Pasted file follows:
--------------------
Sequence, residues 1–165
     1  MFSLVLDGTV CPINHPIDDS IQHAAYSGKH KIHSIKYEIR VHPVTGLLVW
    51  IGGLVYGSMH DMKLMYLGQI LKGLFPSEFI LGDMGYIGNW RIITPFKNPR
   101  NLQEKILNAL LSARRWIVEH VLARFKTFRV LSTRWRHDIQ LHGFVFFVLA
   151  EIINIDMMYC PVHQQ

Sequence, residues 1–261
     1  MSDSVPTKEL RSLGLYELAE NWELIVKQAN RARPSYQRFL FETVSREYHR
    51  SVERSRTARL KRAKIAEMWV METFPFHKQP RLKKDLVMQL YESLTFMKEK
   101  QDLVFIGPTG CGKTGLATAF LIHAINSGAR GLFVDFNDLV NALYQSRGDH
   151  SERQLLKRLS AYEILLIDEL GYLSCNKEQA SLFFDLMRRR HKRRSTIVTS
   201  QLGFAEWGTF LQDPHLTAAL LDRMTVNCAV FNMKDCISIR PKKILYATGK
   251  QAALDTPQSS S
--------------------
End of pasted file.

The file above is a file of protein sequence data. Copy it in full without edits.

Sequence, residues 1–165
     1  MFSLVLDGTV CPINHPIDDS IQHAAYSGKH KIHSIKYEIR VHPVTGLLVW
    51  IGGLVYGSMH DMKLMYLGQI LKGLFPSEFI LGDMGYIGNW RIITPFKNPR
   101  NLQEKILNAL LSARRWIVEH VLARFKTFRV LSTRWRHDIQ LHGFVFFVLA
   151  EIINIDMMYC PVHQQ

Sequence, residues 1–261
     1  MSDSVPTKEL RSLGLYELAE NWELIVKQAN RARPSYQRFL FETVSREYHR
    51  SVERSRTARL KRAKIAEMWV METFPFHKQP RLKKDLVMQL YESLTFMKEK
   101  QDLVFIGPTG CGKTGLATAF LIHAINSGAR GLFVDFNDLV NALYQSRGDH
   151  SERQLLKRLS AYEILLIDEL GYLSCNKEQA SLFFDLMRRR HKRRSTIVTS
   201  QLGFAEWGTF LQDPHLTAAL LDRMTVNCAV FNMKDCISIR PKKILYATGK
   251  QAALDTPQSS S